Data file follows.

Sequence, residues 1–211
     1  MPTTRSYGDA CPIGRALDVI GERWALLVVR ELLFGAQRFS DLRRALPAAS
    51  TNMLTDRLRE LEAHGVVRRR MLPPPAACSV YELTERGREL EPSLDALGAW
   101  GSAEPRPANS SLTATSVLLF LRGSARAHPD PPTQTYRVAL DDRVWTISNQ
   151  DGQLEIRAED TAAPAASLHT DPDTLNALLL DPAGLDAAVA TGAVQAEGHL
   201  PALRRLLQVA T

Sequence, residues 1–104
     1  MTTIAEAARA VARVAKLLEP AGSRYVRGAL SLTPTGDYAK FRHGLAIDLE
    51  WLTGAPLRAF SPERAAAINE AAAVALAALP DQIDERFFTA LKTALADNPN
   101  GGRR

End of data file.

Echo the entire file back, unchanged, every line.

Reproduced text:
Sequence, residues 1–211
     1  MPTTRSYGDA CPIGRALDVI GERWALLVVR ELLFGAQRFS DLRRALPAAS
    51  TNMLTDRLRE LEAHGVVRRR MLPPPAACSV YELTERGREL EPSLDALGAW
   101  GSAEPRPANS SLTATSVLLF LRGSARAHPD PPTQTYRVAL DDRVWTISNQ
   151  DGQLEIRAED TAAPAASLHT DPDTLNALLL DPAGLDAAVA TGAVQAEGHL
   201  PALRRLLQVA T

Sequence, residues 1–104
     1  MTTIAEAARA VARVAKLLEP AGSRYVRGAL SLTPTGDYAK FRHGLAIDLE
    51  WLTGAPLRAF SPERAAAINE AAAVALAALP DQIDERFFTA LKTALADNPN
   101  GGRR